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Steve Mitchell-USA TODAY Sports

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Kyle Shanahan’s Contract Extension Means More Than Stability for the San Francisco 49ers

Bret Rumbeck
Jun 17, 2020 at 7:00 AM


Too often, a new coach press conference is full of bluster. This new leadership will increase win totals and playoff appearances, and ultimately fill the stadium to the brim with fans.

These promises often remain empty, and fans are begging for another fresh start after two or three losing seasons.

Over three years ago, Jed York, Kyle Shanahan, and John Lynch emerged from behind a soda machine in the 49ers' press room. Camera shutters fired like gentle machine guns as the stage settled and creaked.

The scene had become commonplace at 4949 Centennial Boulevard. The San Francisco 49ers had just finished the 2016 season with two wins and were in a freefall into the depths of pro football mockery.

Another lousy season meant another new coach, with no promise that the 49ers' front office would change its ways.

"There's a lot of work in front of us. There's certainly not a lot of time to celebrate on just making a hire," said York in his opening remarks.

A bit later, York noted a conversation he had with Shanahan about his plans with the 49ers.

"I think in talking to Kyle, he was very direct with what he wants to do with the team and how he wants to build this thing and get it right. He knows that he's going to have the leeway to do that and he's going to have the time to do that, and we need to make sure that we commit to building something that we're going to all be proud of when it's all said and done."

York provided Shanahan the time and space to work, allowing Shanahan to build something that took the NFL by storm in 2019.

It was no surprise that on Monday, June 15, 2020, the 49ers extended Shanahan's contract another six years and reportedly made him one of the highest-paid coaches in the league.

There are plenty of reasons to look at Shanahan's new deal as a contract extension for last season's success. But, there's more than just ink on paper and a pile of cash in the bank.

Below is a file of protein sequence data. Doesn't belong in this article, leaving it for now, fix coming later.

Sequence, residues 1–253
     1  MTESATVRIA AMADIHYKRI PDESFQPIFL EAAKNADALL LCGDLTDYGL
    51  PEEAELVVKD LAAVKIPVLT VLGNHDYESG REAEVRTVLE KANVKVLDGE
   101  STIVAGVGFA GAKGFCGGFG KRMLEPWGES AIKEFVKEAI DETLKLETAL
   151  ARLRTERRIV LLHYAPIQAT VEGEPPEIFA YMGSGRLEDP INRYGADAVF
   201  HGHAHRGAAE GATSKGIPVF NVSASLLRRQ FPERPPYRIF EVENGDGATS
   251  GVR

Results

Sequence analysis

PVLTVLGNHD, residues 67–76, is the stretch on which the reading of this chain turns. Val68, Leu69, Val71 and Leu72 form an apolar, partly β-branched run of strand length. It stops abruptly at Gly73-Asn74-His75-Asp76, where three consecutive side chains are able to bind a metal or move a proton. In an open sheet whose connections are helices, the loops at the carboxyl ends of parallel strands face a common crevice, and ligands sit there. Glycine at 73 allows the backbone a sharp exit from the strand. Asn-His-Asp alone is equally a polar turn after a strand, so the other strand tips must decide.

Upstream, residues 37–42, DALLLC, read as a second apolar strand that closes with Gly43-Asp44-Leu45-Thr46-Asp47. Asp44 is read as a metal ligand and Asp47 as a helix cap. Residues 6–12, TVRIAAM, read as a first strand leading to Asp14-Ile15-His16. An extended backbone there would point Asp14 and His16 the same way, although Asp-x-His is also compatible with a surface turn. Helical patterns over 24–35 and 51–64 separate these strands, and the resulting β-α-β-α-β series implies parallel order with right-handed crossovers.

Shanahan's deal reflects Jed York's growth and maturity as the team's chief executive officer.

Leaders cannot find success in raw emotion. There's a massive difference between rage and having a fire in the belly to succeed.

With the 49ers' near Super Bowl win over the Baltimore Ravens in the rearview mirror, York and the front office created a franchise more concerned with press leaks than victories.

Whatever was building between York and former 49ers' coach Jim Harbaugh spilled over into two nightmarish seasons with Jim Tomsula and Chip Kelly. It became more important to find scapegoats for failures, rather than own up to general ineptitude.

Mysterious "sources" provided 49er locker room drama and potential staff firings to local and national journalists.

For York, whispering the fate or tragic end of a player or coach to his friends was more important than building a champion. For all his bluster, these efforts brought the team no closer to a championship, and they backfired in spectacular failure.

They did create a radioactive football organization, which made me wonder how York was going to find a permanent coach and general manager.

Fortunately, John Lynch had a plan to test York before taking the job as the 49ers' general manager.

"One of the great and liberating things for me, and I think why this thing came to fruition, I made a big deal that this stay quiet. First of all, you know what I was doing? Part of the rumors are things fly out of that building. And I wanted to see if I could trust this person. And so that was part of my thinking."

Success is not built and cannot be built upon fractured leadership. York's metamorphosis from boy-owner in the pool cabana to NFL leader is remarkable. He's learned his role for the 49ers is not to be calling plays or learning the offense, but to be a steady rudder to keep the organization running smoothly.

The CEO of Ford or Chevrolet should know the cars' inner workings that come off the assembly line. Pro football CEOs do not need a vast comprehension of a 550-page playbook, route combinations, or pass protections.

Under the new Jed York, he's been able to revive our champion fighter – the one who had been mocked and beaten for a few seasons. These new 49ers, with Shanahan on the sideline, found a way to pick themselves up from the dirt, remember the swagger, and know precisely what it takes to win games.
  • Bret Rumbeck
  • Written by:
    Bret Rumbeck has been writing about the 49ers since 2017 for 49ers Webzone and 49ers Hub. He is a Turlock, CA native, and has worked for two members of the US House of Representatives and one US Senator. When not breaking down game film, Bret spends his time seeking out various forms of heavy metal. Feel free to follow him or direct inquiries to @brumbeck.
The opinions within this article are those of the writer and, while just as important, are not necessarily those of the site as a whole.


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